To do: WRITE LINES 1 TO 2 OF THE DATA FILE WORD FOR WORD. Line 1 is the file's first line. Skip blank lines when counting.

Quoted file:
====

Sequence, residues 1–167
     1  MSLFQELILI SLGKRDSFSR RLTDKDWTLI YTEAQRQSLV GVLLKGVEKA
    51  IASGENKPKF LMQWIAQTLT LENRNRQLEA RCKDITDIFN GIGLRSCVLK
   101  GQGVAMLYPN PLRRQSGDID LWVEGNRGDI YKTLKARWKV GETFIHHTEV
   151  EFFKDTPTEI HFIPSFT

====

Sequence, residues 1–167
     1  MSLFQELILI SLGKRDSFSR RLTDKDWTLI YTEAQRQSLV GVLLKGVEKA